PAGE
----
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Video shows American hostage beheaded

Group linked to al-Zarqawi threatens to kill 2 other captives

This scene from a video posted on an Islamist Web site shows Eugene Armstrong before his killing.
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CNN's Jane Arraf reports on the killings of two Sunni clerics.

Kidnappers threaten to kill two Americans and one Briton.
• Interactive: Who's who in Iraq
• Interactive: Sectarian divide

BAGHDAD, Iraq (CNN) -- An Islamist Web site showed video of an American hostage in Iraq being beheaded by members of insurgent leader Abu Musab al-Zarqawi's group.

The video showed American Eugene Armstrong sitting in front of five masked insurgents -- four of them armed with assault rifles and one in the middle reading from a paper statement. The five insurgents were dressed in black.

"We will apply God's law on them," a masked man said just before the killing.

Armstrong wore an orange jumpsuit and was blindfolded, with his arms behind him. He occasionally fidgeted while the statement was being read.

A U.S. official said a body believed to be that of an American has been recovered.

The group Jihad and Unification gave a new 24-hour deadline to meet its demand that Muslim women be released from Iraqi prisons or the other hostages will be killed. The group previously released a video of three hostages -- two Americans and a Briton.

The United States said no women are in the two jails, Umm Qasr and Abu Ghraib, named by the militants. But it does hold two female "high-value detainees" -- former members of Saddam Hussein's regime -- at undisclosed locations.

The man who read the statement on the video said women are being held in Iraqi prisoners, despite American denials.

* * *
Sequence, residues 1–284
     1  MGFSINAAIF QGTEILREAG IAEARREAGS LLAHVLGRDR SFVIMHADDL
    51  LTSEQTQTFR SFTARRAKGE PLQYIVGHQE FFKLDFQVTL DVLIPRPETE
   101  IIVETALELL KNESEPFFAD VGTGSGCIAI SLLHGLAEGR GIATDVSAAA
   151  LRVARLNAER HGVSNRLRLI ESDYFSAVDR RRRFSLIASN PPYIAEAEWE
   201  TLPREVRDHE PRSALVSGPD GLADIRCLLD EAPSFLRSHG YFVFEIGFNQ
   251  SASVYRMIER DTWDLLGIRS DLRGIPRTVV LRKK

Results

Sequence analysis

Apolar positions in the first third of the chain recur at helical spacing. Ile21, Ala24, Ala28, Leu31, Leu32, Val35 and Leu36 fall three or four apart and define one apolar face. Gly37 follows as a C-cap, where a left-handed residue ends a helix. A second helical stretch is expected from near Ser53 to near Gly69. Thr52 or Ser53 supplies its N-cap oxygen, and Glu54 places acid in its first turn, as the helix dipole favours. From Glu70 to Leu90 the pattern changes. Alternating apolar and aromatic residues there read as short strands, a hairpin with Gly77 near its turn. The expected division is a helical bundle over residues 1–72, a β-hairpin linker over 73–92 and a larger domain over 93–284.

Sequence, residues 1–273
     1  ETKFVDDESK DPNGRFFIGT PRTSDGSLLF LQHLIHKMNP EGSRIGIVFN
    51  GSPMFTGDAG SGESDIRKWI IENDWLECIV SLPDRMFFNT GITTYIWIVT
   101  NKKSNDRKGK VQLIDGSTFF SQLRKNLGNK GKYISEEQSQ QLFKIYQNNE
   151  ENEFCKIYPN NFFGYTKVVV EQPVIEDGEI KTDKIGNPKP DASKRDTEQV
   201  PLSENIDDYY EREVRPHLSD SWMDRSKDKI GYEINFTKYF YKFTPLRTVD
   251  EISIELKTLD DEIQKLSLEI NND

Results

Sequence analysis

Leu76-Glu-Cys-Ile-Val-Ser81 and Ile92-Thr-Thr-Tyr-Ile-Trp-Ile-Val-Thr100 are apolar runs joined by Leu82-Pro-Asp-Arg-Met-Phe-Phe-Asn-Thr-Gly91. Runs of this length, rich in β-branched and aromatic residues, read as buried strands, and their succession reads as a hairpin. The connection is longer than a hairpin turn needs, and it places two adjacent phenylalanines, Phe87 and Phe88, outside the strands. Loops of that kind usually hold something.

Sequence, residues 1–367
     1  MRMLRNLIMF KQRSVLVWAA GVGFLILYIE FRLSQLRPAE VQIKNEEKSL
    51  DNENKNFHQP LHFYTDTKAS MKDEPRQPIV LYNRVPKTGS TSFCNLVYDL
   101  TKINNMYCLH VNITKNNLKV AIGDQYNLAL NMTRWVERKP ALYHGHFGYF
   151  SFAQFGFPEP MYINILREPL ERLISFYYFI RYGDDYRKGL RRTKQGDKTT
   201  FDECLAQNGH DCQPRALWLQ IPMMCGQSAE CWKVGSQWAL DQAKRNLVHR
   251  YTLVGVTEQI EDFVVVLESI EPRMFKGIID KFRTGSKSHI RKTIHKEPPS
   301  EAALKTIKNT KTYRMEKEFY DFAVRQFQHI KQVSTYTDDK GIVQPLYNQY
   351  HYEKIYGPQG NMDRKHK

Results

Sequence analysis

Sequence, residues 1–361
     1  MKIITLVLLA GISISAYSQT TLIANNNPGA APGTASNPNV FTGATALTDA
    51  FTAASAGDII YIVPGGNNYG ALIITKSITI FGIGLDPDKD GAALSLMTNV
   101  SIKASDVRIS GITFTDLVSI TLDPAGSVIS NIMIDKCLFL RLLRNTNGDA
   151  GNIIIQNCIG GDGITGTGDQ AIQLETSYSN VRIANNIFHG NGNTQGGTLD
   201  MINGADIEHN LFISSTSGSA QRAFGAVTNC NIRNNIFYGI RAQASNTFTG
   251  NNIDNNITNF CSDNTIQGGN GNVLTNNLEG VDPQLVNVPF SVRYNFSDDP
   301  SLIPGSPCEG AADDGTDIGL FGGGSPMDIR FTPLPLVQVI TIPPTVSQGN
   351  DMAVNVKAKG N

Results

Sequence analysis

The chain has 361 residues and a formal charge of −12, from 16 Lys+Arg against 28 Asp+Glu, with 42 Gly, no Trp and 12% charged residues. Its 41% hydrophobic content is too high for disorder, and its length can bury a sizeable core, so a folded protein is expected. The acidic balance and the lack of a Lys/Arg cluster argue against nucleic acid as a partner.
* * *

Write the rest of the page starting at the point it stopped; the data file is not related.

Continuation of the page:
"Since you didn't release our sisters, here's the first infidel," the man said.

He then pulled out a knife. Armstrong was shoved to the ground and his head severed.

The video was posted on a Web site that has been used by insurgents in the past.

Armstrong, along with American Jack Hensley and British citizen Kenneth John Bigley, were kidnapped from their residence Thursday. All three worked for Gulf Supplies and Commercial Services, a company based in the Middle East, on reconstruction projects.

On Saturday, the Arabic-language network Al-Jazeera broadcast video of the hostages with their abductors giving the initial 48-hour deadline for their demands to be met.

The wife of Hensley begged for all three men's safety after the video was broadcast Saturday.

"Please let them go," Patty Hensley said from her home near Atlanta, Georgia. "They need to come home." (Full story)

The British Foreign Office released a statement denouncing the violence.

"The British government utterly condemns the kidnapping and murder of all innocent civilians," the statement said. "This appalling crime strengthens our resolve to work with the Iraqi government and people to bring security, stability and democracy to Iraq. Our thoughts now are with Eugene Armstrong's family and the families of Ken Bigley and Jack Hensley."

Jihad and Unification, which claims loyalty to al-Zarqawi, has taken responsibility for beheading U.S. businessman Nicholas Berg, South Korean translator Kim Sun-il and a Bulgarian hostage in Iraq.

CNN's Caroline Faraj, Thaira al-Hilli, Bassem Muhy, Faris Qasira and Mohammed Tawfeeq contributed to this report.

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